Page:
Turkish PM to Visit Egypt, Tunisia, Libya

Posted September 7th, 2011 at 3:20 pm (UTC-5)
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Turkish Prime Minister Recep Tayyip Erdogan is planning to visit Middle Eastern countries, where activists have staged popular uprisings this year against long-time leaders.

Turkish officials say the prime minister's Arab Spring tour starts Monday and includes visits to Egypt, Libya and Tunisia.

Mr. Erdogan has said he may also cross into the Gaza Strip from Egypt.

Earlier this year, an uprising in Tunisia forced President Zine al-Abidine Ben Ali to flee to Saudi Arabia, and an uprising in Egypt led to the resignation of President Hosni Mubarak, ending his 30-year rule. In Libya, rebels are fighting government forces in a bid to oust Libyan leader Moammar Gadhafi.

Mr. Erdogan's tour comes at a time when Turkish-Israeli ties have hit a new low. Turkey has announced plans to suspend military trade and cooperation with Israel and to increase naval surveillance in Mediterranean waters, following Israel's refusal to apologize for a deadly raid on a Turkish aid ship last year.

Israeli Prime Minister Benjamin Netanyahu said Wednesday the worsening of Israeli-Turkish relations was not Israel's “choice.”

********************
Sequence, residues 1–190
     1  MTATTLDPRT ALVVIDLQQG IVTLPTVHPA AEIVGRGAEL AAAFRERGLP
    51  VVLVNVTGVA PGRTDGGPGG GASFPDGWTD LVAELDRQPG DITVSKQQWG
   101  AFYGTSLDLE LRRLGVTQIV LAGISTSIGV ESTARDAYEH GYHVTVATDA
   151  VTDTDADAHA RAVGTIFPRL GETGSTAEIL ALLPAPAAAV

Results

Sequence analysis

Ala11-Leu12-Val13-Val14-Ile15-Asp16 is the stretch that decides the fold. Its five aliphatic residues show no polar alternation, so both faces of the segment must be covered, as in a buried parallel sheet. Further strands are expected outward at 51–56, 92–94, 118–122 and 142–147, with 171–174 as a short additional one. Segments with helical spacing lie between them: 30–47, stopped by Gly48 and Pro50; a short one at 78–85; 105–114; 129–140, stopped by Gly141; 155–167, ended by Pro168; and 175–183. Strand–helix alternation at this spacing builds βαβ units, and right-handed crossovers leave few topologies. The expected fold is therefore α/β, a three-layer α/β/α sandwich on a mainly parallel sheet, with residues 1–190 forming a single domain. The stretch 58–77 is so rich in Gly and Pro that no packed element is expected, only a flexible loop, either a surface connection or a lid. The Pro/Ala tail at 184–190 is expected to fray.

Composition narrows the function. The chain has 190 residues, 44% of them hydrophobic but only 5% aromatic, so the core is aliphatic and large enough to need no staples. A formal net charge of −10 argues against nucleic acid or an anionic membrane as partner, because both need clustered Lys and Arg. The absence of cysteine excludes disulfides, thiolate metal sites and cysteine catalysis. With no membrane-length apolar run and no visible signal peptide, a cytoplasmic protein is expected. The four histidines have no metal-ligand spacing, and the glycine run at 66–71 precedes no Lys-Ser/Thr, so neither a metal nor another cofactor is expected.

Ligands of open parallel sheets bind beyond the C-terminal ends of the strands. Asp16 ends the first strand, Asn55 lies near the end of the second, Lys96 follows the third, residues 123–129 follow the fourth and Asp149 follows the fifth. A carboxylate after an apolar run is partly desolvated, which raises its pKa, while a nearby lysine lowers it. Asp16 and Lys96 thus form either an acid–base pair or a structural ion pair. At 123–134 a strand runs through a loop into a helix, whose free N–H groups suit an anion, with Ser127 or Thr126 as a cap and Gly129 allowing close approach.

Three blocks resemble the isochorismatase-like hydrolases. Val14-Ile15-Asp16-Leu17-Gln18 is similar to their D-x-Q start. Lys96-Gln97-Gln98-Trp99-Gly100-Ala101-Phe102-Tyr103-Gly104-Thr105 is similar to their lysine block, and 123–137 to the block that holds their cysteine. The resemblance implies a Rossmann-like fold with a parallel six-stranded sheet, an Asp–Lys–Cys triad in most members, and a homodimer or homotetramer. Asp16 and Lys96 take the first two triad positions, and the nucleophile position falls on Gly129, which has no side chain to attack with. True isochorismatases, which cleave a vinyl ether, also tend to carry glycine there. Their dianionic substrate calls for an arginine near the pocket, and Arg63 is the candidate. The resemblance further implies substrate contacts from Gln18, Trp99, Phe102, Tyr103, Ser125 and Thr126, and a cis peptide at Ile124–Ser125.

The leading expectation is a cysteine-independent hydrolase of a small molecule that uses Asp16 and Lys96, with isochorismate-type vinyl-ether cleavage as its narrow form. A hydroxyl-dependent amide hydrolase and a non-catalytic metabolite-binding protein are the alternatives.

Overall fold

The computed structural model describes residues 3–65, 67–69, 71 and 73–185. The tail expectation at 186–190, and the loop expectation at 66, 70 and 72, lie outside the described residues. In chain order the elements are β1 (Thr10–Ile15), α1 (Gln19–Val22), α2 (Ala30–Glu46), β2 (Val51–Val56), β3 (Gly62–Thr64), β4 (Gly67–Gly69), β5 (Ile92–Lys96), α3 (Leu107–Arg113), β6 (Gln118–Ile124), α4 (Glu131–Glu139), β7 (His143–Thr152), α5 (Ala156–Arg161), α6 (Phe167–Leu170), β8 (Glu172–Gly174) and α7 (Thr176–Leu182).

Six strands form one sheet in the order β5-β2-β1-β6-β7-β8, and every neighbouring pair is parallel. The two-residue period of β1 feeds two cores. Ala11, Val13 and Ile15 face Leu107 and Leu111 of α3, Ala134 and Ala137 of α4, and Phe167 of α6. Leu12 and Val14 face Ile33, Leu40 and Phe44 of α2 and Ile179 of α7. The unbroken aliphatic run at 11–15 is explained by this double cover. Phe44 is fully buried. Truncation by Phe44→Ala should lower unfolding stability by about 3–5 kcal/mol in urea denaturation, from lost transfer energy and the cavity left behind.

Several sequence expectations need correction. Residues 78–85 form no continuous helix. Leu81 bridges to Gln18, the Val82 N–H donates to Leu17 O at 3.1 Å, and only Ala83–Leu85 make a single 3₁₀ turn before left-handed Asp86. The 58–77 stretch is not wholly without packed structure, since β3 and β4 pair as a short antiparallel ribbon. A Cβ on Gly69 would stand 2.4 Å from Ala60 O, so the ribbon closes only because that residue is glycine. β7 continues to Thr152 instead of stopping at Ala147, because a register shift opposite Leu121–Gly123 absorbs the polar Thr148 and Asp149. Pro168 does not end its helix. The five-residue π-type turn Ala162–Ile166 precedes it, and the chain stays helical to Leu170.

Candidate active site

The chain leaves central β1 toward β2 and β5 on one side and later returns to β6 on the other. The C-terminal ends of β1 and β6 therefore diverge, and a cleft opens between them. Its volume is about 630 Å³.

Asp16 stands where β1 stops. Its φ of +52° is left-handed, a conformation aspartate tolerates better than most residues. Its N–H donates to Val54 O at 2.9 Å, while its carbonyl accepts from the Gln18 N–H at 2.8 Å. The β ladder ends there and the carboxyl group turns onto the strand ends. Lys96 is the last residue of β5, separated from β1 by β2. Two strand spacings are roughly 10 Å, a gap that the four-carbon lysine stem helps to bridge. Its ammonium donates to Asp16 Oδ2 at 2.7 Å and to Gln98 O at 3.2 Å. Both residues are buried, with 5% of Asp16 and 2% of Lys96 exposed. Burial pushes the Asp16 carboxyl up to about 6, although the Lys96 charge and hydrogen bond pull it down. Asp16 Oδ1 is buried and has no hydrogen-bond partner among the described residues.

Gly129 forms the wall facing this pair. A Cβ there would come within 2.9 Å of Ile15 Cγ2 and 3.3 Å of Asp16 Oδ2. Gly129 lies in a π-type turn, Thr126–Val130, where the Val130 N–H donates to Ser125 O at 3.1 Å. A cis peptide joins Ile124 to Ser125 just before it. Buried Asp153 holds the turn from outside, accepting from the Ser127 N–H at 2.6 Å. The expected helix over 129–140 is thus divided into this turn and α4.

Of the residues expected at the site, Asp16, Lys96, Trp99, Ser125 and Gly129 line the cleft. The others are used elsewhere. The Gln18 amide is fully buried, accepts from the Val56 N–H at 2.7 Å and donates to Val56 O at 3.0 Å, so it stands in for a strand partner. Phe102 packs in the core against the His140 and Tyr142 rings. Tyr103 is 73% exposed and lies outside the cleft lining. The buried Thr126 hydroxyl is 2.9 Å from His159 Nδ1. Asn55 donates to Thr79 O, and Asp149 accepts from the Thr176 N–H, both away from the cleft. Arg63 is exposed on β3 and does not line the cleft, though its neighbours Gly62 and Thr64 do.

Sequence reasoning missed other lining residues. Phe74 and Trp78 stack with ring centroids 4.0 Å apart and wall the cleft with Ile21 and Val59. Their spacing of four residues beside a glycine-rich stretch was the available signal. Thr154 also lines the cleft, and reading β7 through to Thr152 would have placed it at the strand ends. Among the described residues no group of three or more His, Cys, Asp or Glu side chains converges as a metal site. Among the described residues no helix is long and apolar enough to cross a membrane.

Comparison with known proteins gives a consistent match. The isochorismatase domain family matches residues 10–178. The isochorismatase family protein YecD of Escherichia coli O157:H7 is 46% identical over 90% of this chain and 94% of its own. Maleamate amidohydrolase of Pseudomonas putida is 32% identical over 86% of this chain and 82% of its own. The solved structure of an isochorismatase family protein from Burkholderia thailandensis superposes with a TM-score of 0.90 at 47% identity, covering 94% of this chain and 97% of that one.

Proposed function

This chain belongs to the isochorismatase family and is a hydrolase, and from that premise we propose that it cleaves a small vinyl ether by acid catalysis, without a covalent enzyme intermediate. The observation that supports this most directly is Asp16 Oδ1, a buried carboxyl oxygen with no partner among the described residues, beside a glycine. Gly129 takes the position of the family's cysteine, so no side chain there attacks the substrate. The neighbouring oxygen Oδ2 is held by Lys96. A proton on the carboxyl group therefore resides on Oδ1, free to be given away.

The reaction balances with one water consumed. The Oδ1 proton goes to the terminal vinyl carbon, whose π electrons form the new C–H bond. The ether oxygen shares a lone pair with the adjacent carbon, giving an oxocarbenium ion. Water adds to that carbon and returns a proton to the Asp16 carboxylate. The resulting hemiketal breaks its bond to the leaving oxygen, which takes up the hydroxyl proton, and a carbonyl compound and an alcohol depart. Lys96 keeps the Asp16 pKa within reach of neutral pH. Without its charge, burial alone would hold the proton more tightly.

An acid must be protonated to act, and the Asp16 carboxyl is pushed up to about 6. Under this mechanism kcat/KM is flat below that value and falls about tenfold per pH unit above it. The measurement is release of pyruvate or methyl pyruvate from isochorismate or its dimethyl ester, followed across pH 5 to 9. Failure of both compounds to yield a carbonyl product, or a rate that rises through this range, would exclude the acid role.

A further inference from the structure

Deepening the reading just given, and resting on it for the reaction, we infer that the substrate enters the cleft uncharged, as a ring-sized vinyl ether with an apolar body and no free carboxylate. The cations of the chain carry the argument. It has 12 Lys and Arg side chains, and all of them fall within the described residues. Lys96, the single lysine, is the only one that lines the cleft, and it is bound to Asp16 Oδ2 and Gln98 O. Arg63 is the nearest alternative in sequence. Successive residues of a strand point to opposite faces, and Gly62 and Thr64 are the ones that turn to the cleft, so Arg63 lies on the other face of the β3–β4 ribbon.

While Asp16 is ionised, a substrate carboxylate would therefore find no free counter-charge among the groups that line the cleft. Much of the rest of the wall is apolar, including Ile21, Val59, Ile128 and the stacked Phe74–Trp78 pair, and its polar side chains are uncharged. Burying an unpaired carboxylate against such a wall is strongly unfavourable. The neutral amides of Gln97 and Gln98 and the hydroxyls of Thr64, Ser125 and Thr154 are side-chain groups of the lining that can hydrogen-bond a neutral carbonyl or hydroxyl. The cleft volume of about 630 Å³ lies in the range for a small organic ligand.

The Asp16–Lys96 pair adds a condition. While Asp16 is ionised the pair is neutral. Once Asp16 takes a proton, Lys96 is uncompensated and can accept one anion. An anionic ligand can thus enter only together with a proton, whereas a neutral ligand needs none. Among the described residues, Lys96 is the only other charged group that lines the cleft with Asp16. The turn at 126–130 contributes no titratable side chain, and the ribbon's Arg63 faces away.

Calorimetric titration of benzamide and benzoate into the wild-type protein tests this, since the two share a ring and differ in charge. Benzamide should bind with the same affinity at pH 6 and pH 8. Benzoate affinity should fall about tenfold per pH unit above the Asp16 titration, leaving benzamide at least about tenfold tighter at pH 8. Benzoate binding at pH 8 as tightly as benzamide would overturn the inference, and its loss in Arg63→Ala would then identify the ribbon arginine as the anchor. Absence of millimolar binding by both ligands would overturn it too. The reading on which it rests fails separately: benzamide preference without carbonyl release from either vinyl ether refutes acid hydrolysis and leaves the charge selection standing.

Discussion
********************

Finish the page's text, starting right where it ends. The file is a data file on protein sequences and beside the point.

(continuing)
In Washington, White House spokesman Jay Carney said the deterioration of Turkish-Israeli ties is linked to the need to resolve the Israeli-Palestinian dispute. He said U.S. President Barack Obama believes the Israelis and Palestinians should resume peace talks.

On Wednesday, Mr. Erdogan accused Israel of failing to meet its obligations in bilateral defense deals. He was referring to an agreement involving Turkey's purchase of Israeli drones.

In May 2010, Israeli commandos stormed the vessel Mavi Marmara as it sailed to the Gaza Strip, where Israel enforces a naval blockade to prevent weapons from reaching Palestinian militants in Gaza.

A confrontation on the vessel led to the killings of nine Turkish activists, including a Turkish-American, and the wounding of several Israeli soldiers.

A United Nations report released last week said Israel used “excessive and unreasonable” force by sending armed commandos to storm the Mavi Marmara. But the report also said Israel's enforcement of its Gaza naval blockade was a “legitimate” security measure against the ship and other vessels in the Gaza-bound flotilla. The report also accused Gaza flotilla organizers of acting “recklessly” by trying to challenge the blockade.